IPCC Fourth Assessment Report: Climate Change 2007
Climate Change 2007: Working Group II: Impacts, Adaptation and Vulnerability Agriculture and forestry

Some adaptation measures aiming to reduce climate change impacts have been proposed in the agricultural sector. For example, in Ecuador, options such as agro-ecological zoning and appropriate sowing and harvesting seasons, the introduction of higher-yielding varieties, installation of irrigation systems, adequate use of fertilisers, and implementation of a system for controlling pests and disease were proposed (NC-Ecuador, 2000). In Guyana several adjustments relating to crop variety (thermal and moisture requirements and shorter-maturing varieties), soil management, land allocation to increase cultivable area, using new sources of water (recycling of wastewater), harvesting efficiency, and purchases to supplement production (fertilisers and machinery) were identified (NC-Guyana, 2002).

In other countries, adaptation measures have been assessed by means of crop simulation models. For example, in the Pampas region of Argentina, anticipating planting dates and the use of wheat and maize genotypes with longer growth cycles would take advantage of projected longer growing seasons as a result of the shortening of the period when frosts may occur (Magrin and Travasso, 2002). More recently, Travasso et al. (2006) reported that, in South Brazil, Uruguay and Argentina, the negative impacts of future climate on maize and soybean production could be offset by changing planting dates and adding supplementary irrigation.

In terms of food security, a significant number of smallholders and subsistence farmers may be particularly vulnerable to climate change in the short term, and their adaptation options may be more limited. Of particular concern are farmers in Central America, where drying trends have been reported, and in the poorer regions of the Andes. Adaptations in these communities may involve policies for market development of new and existing crop and livestock products, breeding drought-tolerant crops, modified farm-management practices, and improved infrastructure for off-farm employment generation. Increasingly, cross-sectoral perspectives are needed when considering adaptation options in these communities (Jones and Thornton, 2003; Eakin, 2005). In dry areas of north-eastern Brazil, where small farmers are among the social groups most vulnerable to climate change, the production of vegetable oils from native plants (e.g., castor bean) to supply the bio-diesel industry has been proposed as an adaptation measure (La Rovere et al., 2006).

A global study (which includes case studies of northern Argentina and south-eastern Brazil) concluded that in northern Argentina occasional problems in water supply for agriculture under the current climate may be exacerbated by climate change, and may require timely improvements in crop cultivars, irrigation and drainage technology, and water management. Conversely, in south-eastern Brazil, future water supply for agriculture is likely to be plentiful (Rosenzweig et al., 2004).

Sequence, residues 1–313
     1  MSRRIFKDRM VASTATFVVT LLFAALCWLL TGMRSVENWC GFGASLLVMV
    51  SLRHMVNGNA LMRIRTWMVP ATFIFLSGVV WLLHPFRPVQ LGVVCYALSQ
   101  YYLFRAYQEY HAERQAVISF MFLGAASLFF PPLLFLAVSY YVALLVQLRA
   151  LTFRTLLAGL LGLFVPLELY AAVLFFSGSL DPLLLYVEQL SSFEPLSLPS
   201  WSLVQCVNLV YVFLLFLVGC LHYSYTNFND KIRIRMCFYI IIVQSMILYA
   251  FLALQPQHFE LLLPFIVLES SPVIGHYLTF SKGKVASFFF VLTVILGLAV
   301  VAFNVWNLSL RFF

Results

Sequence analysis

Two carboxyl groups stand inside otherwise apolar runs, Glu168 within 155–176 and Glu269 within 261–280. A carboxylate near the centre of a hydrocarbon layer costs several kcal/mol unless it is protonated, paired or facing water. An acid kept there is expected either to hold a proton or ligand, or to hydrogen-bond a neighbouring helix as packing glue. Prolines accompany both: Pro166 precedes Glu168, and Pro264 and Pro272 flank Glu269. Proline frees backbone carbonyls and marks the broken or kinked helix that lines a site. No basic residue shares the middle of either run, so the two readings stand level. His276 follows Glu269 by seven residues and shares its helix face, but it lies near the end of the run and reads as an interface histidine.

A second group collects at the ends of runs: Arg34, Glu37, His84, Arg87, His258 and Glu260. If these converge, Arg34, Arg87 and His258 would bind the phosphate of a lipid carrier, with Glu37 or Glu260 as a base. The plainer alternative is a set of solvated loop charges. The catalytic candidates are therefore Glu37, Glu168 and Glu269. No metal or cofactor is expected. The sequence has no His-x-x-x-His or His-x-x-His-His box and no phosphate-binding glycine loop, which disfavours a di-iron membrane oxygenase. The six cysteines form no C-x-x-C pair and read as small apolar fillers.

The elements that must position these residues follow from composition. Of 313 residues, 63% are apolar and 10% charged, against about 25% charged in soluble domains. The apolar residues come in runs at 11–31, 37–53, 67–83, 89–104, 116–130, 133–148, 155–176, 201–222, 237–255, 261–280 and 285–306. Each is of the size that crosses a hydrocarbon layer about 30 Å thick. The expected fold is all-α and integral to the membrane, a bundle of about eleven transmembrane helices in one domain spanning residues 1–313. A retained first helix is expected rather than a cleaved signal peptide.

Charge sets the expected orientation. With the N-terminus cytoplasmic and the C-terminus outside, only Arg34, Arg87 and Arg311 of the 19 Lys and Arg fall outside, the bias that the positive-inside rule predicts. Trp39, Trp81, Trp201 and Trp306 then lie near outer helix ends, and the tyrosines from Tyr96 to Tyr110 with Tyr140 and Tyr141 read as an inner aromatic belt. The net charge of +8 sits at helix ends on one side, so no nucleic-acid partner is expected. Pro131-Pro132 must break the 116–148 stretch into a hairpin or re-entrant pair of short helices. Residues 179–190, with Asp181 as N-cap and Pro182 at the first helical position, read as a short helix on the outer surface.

As a way of avoiding the consequences of deforestation as a likely impact on the regional climate, several measures are currently being initiated in the region and are likely to be intensified in the future. Argentina, Brazil, Costa Rica and Peru have adopted new forestry laws and policies that include better regulatory measures, sustainability principles, expansion of protected areas, certification of forestry products and expansion of forest plantations into non-forested areas (Tomaselli, 2001). In the Brazilian Amazon state of Mato Grosso, where 18,000 km2 of forest and savannas were converted to pasture and soybean fields in 2003, requirements for licensing of deforestation and environmental certification of soybean have been introduced as a way to preserve the environment. A similar proposal is under development for the Mato Grosso cattle industry (Nepstad, 2004). Most countries provide incentives for managing their native forests: exemption from land taxes (Chile, Ecuador), technical assistance (Ecuador), and subsidies (Argentina, Mexico and Colombia) (UNEP, 2003a). Chile and Guyana demand prior studies on environmental impact before approving forestry projects, depending upon their importance; Mexico, Belize, Costa Rica and Brazil are already applying forestry certification. Argentina, Chile, Paraguay, Costa Rica and Mexico have established model forests designed to demonstrate the application of sustainable management, taking into account productive and environmental aspects, and with the wide participation of civilian society, including community and indigenous groups.